Busting The Booby Traps Part 2: Letting More Lactation Myths Go


Many common myths and misunderstandings about lactation sabotage breastfeeding parents. Busting these booby traps is one of my favorite hobbies.

Be sure to check out the first installment of the Booby Traps series. Today I will address a few more common misconceptions.

Lactation Myth #6: You need a freezer stash of milk.

Busting The Booby Trap: Understandably, parents worry about having enough milk. They hear about building a freezer stash of extra milk, just in case. This sounds like a great idea – why not go for it?

Well, as it turns out, a small percentage of parents build a stash without much difficulty. But many cannot produce much extra milk, no matter what they try. Pumping more may just cause more nipple discomfort and stress without getting the extra milk they hoped for.

Many other parents develop a condition called hyperlactation in their quest for excess milk production. It’s easy to feel jealous of this problem when you’re dealing with a low milk supply yourself. But caring for many patients with hyperlactation has shown me it isn’t something to envy. Hyperlactation often comes with a great deal of misery and difficulty: breast pain, plugged ducts, mastitis, anxiety, and even the early end of lactation.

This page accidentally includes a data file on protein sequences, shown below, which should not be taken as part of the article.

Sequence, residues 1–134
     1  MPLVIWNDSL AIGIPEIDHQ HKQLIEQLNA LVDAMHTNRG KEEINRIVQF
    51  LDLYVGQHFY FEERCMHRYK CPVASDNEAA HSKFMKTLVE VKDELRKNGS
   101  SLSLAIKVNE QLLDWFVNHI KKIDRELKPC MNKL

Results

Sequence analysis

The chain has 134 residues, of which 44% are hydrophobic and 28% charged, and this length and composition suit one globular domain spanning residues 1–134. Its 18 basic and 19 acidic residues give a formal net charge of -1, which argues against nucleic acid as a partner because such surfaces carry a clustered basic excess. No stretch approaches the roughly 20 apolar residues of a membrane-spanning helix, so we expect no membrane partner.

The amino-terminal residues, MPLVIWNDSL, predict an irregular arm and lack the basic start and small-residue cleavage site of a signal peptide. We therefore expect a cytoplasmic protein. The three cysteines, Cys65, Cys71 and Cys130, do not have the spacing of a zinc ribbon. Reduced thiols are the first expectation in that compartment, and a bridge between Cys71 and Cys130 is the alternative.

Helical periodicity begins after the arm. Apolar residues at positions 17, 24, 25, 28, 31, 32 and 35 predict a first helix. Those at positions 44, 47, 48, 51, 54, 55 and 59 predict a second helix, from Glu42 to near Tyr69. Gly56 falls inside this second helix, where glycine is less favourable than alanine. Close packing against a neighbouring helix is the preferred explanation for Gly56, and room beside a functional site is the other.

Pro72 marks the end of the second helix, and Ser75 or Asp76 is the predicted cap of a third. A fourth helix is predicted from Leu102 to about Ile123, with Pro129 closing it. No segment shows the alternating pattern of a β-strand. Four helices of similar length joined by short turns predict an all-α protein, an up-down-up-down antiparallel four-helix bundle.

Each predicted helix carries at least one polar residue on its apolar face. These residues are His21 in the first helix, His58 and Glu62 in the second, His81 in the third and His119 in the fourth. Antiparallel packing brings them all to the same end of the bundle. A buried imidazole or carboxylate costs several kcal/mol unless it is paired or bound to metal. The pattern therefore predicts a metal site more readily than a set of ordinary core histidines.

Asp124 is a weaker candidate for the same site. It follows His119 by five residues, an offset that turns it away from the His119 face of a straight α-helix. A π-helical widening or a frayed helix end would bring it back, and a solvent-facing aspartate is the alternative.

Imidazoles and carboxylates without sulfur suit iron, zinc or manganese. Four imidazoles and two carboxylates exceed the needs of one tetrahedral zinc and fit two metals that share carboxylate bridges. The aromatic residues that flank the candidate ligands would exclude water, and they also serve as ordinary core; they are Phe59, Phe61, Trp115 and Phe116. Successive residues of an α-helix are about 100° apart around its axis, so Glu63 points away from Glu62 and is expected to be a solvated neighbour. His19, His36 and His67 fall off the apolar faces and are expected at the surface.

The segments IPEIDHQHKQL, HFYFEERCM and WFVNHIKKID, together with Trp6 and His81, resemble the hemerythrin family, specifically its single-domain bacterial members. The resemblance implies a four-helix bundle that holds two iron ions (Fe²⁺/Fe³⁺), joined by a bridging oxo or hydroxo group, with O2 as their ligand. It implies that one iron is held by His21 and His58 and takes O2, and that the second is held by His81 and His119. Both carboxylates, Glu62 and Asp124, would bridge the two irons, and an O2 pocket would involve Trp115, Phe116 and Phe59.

If you are in a situation where milk supply is worrying you, then please reach out to a lactation professional like myself for help. We can help create manageable solutions to improve your milk production concerns without causing more problems along the way.

Lactation Myth #7: Babies need more and more milk as they get older.

Busting the Booby Trap: This is true in the first few weeks of life – newborns go from drinking 5 ml to 90 ml (3 oz) per feed over the first few weeks of life. But by 40-6 weeks old, babies are taking the maximum volume they will ever need in a single feeding session!

Most babies will take between 3-4 ounces of milk per feeding. They don’t need more than this as they get older. In fact, once they start taking in a lot of solid foods, they actually decrease their milk intake over time.

Mistakenly thinking babies need more and more milk for their feeds as they get older commonly sabotages breastfeeding. This leads caregivers to ask for more milk whenever the baby cries. Then moms mistakenly believe they can’t make enough milk. Luckily there are simple steps to combat this issue – one of my favorites is paced feeding.

Lactation Myth #8: Bottle feeding is a passive process. Just tilt the bottle and let the baby go to town!